Dance is one of the art forms, which is caricatured the most. We display dancers at parades, showcase them at all kinds of seminars, dinners, inaugurations of government schemes/projects, make world records with thousands of them dancing, use them for tourism, show them off out of context in films and commercial advertisements and then speak of the divinity of dance. We see the culture departments/institutions across the country teeming with hapless dancers and sycophants jostling for the attention of the bureaucrats. How on earth can these artistes pursue their art in the pristine purity of their thoughts and being? They need to do their PR elbowing the others for their space under the sky.
It is interesting to note that there are a variety of short cuts to becoming a celebrated dancer, a scholar, a PhD and even a prestigious awardee. Not all resort to shortcuts. However, lobbying is not unknown to the arts. "Sadhana", "Tapasya" "Nishkama Karma" which were entrenched in our psyche since centuries are the terms which are used profusely but are sniggered at secretly. Where is the idealism and strength of our ideology?
A recent international dance festival had the compere wrongly announcing a popular sloka from the Abhinaya Darpana as from the Natyasastra. A search on Google reveals that the sloka is wrongly attributed to Natyasastra in many dance websites!
A director of a zonal cultural centre was very confused and wanted to know how Kuchipudi was different from Bharatanatyam. He asked me to clarify. My immediate reaction was either he was joking or he was a painfully ignorant official. However, on close examination, one realises that the technique of Kuchipudi is frittering away and if it continues to lack a standard technique, pedagogy and repertoire and if its Yakshaganas are not revived and widely taught and presented through a repertory, Kuchipudi is in trouble. No matter how many thousands of mediocre dancers dance under the banner of Silicon Andhra to set a world record, the goddess Balatripurasundari in Kuchipudi village is sure to note the happenings around her. I would definitely not want to incur her wrath for not safeguarding the treasure blessed by her.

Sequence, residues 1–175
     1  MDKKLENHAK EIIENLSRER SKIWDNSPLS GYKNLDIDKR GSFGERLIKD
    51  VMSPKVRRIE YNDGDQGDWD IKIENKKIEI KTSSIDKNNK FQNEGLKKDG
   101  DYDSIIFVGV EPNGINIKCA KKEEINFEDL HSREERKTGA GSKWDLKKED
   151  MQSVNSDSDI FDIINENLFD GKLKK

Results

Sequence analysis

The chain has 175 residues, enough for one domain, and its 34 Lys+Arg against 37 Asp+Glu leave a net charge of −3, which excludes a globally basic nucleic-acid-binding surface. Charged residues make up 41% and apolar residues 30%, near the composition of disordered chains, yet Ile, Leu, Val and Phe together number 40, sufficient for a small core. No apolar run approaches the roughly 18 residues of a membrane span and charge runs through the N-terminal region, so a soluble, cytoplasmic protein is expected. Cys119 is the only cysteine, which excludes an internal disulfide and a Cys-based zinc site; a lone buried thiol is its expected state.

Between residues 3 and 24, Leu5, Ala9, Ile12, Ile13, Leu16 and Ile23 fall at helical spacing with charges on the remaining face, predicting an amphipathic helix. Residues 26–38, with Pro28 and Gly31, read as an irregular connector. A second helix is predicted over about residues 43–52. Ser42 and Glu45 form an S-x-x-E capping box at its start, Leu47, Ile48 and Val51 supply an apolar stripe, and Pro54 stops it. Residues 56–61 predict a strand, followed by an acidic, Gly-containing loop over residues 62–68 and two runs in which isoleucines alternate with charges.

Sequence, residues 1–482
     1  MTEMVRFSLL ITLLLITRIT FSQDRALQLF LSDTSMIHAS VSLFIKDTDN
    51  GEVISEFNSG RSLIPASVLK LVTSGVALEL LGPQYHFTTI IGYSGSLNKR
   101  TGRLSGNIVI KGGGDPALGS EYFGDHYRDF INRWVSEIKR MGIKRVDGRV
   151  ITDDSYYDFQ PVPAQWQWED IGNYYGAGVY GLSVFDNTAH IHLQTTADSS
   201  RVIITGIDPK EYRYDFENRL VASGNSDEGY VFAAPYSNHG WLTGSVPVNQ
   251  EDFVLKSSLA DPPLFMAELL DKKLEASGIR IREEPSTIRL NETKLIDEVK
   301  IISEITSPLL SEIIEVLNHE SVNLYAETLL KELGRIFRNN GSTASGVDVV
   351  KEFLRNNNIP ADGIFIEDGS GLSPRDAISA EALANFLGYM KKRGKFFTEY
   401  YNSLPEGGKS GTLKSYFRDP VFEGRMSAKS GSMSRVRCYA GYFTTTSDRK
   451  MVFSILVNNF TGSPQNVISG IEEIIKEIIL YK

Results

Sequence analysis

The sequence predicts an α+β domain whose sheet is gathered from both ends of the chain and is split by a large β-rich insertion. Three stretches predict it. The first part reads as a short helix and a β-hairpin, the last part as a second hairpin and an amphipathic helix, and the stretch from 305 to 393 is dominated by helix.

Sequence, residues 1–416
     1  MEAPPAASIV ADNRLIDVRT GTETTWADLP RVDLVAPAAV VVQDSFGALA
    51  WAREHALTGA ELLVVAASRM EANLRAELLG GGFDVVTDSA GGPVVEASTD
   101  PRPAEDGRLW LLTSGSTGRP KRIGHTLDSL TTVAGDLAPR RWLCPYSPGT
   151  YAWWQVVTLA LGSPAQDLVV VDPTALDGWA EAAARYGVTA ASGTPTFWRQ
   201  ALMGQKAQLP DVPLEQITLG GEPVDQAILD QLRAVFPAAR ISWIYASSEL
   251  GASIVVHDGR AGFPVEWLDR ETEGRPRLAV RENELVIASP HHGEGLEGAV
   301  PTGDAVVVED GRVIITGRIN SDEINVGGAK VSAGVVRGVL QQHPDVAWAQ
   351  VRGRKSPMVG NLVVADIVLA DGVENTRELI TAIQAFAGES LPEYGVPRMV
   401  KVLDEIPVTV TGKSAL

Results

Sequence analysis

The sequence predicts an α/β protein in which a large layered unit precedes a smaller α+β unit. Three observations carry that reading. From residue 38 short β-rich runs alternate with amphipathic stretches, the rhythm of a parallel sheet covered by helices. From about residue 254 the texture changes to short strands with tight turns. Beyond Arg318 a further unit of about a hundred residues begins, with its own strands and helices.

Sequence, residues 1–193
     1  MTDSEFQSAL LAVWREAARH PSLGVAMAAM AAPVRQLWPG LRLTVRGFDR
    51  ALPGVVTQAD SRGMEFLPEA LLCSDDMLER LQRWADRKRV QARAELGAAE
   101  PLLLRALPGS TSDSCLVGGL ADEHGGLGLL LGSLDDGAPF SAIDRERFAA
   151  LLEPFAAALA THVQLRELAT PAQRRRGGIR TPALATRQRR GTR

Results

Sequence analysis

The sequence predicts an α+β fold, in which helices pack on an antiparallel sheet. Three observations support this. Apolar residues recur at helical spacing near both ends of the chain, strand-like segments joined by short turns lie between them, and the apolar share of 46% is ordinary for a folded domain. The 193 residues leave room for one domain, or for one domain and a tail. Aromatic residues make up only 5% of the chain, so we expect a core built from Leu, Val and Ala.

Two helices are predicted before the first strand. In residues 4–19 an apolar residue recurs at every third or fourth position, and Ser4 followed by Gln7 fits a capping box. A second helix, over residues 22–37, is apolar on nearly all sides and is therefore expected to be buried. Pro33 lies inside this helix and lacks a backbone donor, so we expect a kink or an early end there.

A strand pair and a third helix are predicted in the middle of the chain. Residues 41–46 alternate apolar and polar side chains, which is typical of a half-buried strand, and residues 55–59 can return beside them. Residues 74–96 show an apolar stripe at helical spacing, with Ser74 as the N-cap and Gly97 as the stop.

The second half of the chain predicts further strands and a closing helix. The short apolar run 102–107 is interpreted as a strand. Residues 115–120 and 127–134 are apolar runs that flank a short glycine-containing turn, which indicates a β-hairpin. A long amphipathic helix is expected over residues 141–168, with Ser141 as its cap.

We witness again a classical case in Kuchipudi Natyaramam, where the Andhra Pradesh government does everything to support Kuchipudi. While the vision, the knowledge of the subject, and the intent of the official heading the Natyaramam is unclear, bringing tourists to a ghost village where Kuchipudi is history will not revive it. Descending with brooms to clean the roads for a photo-op is very well but will not revive Kuchipudi. Anand Kuchibhotla who heads the Kuchipudi Natyaramam will have to pull out new tricks from his bag. Glib talk will not deliver results. He will have to think better than spending lakhs on the wasteful Kuchipudi Circus of world records and the government would do better to see through such shallow efforts. Above all, the dancers and gurus need to shed their herd mentality and stop flocking to the glitz and sham of commodifying pristine art.